Academic Freedom Threatened by Subpoena in Defamation Case

PubPeer.com is an online forum for scientific discussion and critique of published research.  Many of its participants comment anonymously so that they need not fear professional retribution if they criticize the scholarship of their peers, colleagues and future potential employers.  Based on that anonymity, PubPeer’s users have highlighted problems with important research papers, often leading to corrections or retractions to the benefit of the scientific community. 

In October 2014 a prominent scientist at Wayne State University filed a defamation lawsuit against anonymous commenters who had criticized his research on PubPeer’s website.  Using the court’s subpoena power, he demanded that PubPeer disclose any information it had that could help identify the commenters.  Since the days of the Federalist Papers and Common Sense, anonymous speech has been recognized as central to the free-speech tradition.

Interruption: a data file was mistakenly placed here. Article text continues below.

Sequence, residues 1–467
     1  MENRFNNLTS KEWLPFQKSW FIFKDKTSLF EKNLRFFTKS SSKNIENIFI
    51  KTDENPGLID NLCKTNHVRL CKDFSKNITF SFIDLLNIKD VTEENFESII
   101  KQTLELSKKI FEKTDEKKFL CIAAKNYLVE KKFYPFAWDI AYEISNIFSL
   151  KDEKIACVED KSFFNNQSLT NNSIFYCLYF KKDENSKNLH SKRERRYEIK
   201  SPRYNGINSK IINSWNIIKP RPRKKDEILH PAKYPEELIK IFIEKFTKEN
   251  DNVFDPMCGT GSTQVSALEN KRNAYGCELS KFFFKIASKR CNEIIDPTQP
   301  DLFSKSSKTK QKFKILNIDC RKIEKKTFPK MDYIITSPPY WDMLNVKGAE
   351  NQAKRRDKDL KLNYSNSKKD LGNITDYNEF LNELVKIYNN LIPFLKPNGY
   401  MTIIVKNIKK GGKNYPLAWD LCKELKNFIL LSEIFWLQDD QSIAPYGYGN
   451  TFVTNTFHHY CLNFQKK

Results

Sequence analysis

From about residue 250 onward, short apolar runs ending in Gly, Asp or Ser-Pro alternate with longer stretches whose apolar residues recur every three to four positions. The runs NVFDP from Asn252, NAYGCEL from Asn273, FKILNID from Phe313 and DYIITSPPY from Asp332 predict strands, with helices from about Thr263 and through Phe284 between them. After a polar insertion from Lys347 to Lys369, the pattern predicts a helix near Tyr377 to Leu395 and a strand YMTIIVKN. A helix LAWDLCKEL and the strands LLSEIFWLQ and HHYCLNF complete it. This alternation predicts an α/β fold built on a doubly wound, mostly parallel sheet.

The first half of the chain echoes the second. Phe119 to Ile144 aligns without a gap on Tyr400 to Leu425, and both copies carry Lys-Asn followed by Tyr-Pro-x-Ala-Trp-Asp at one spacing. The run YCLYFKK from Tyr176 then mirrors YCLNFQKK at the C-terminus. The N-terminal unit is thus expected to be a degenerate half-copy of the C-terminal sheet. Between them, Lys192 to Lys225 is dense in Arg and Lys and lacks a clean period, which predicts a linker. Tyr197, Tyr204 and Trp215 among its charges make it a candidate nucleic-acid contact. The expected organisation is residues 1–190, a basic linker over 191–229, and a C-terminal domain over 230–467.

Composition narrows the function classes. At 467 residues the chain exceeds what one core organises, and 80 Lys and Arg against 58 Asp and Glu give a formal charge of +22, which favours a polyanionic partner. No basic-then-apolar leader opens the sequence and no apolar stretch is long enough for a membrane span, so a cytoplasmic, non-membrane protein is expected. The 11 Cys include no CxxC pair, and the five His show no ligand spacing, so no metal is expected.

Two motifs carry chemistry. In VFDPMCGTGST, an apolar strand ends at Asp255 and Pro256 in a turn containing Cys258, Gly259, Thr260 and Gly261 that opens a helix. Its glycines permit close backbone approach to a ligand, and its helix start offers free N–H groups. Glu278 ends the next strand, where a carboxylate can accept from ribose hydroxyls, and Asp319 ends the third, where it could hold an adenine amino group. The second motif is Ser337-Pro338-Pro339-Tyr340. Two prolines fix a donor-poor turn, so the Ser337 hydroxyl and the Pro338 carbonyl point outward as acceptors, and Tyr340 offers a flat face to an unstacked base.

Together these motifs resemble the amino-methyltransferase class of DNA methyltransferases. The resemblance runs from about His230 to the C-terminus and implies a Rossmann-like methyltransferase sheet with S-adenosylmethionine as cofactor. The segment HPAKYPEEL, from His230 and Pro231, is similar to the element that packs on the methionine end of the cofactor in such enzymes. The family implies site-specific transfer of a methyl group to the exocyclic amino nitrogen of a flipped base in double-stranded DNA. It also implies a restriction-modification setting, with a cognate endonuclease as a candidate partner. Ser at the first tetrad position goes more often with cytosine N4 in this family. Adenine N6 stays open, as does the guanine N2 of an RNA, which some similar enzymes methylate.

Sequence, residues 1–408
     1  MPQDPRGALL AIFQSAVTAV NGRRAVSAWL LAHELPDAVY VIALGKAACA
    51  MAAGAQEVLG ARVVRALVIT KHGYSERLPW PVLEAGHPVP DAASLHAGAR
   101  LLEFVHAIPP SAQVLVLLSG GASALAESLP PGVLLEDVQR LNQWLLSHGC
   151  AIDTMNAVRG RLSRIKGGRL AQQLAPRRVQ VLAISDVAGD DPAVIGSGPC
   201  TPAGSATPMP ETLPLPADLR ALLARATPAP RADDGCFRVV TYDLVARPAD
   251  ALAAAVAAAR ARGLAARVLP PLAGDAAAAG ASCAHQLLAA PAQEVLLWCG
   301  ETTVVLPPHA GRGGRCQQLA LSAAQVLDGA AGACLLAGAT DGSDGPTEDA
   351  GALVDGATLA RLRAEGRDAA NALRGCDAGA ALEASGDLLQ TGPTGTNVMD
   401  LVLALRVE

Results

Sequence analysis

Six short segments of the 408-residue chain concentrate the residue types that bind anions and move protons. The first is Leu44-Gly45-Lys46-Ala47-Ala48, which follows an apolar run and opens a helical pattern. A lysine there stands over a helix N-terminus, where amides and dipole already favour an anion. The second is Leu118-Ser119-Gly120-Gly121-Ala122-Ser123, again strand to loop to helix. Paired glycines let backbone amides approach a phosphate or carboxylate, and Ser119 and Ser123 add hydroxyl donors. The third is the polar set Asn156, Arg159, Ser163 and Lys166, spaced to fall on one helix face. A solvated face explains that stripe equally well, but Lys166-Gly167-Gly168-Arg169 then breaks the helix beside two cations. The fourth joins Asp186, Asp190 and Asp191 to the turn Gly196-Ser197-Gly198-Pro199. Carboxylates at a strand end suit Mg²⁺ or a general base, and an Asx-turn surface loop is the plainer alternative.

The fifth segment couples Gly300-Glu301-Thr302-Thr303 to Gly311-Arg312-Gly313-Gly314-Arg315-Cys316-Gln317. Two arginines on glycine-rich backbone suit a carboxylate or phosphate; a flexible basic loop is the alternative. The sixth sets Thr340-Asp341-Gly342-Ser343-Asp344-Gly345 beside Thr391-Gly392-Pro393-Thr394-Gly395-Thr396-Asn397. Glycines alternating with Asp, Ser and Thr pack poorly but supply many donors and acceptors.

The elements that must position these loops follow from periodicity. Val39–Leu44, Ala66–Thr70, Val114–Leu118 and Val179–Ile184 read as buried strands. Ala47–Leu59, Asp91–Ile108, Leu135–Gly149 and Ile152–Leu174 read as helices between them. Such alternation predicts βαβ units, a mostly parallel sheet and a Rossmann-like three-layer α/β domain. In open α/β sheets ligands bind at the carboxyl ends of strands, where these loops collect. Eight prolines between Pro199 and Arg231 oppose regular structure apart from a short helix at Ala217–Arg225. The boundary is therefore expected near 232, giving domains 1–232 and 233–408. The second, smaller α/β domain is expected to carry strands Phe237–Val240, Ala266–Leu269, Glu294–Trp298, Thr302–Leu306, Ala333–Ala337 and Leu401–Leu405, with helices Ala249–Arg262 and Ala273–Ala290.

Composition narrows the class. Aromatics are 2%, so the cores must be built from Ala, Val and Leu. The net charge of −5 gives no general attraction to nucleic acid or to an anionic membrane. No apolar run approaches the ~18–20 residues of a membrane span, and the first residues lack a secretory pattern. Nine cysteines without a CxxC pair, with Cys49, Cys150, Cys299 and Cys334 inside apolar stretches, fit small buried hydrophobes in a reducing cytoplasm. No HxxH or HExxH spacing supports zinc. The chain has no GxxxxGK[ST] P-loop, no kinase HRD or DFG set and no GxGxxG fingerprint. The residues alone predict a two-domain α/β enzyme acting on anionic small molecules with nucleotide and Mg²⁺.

Although truly defamatory speech is not protected by the First Amendment, negative opinions and rhetorical commentary are not defamatory and are entitled to First Amendment protection.  The ACLU is representing PubPeer in arguing that the website has a First Amendment right not to disclose the identity of its anonymous users unless and until it can be proved that their speech is not constitutionally protected.  We filed a motion to quash the subpoena in December 2014.  In March 2015 the Wayne County Circuit Court granted our motion in part, but ordered PubPeer to disclose identifying information about one of the online comments.  Both sides have appealed, and oral argument is scheduled for October 2016. 

(Sarkar v. Doe; National ACLU Attorney Alex Abdo and Brennan Fellows Samia Hossain and Benjamin Good; ACLU of Michigan Attorney Dan Korobkin; Co-Counsel Nicholas Jollymore.)

To view the full 2014-2015 Legal Docket, click here.

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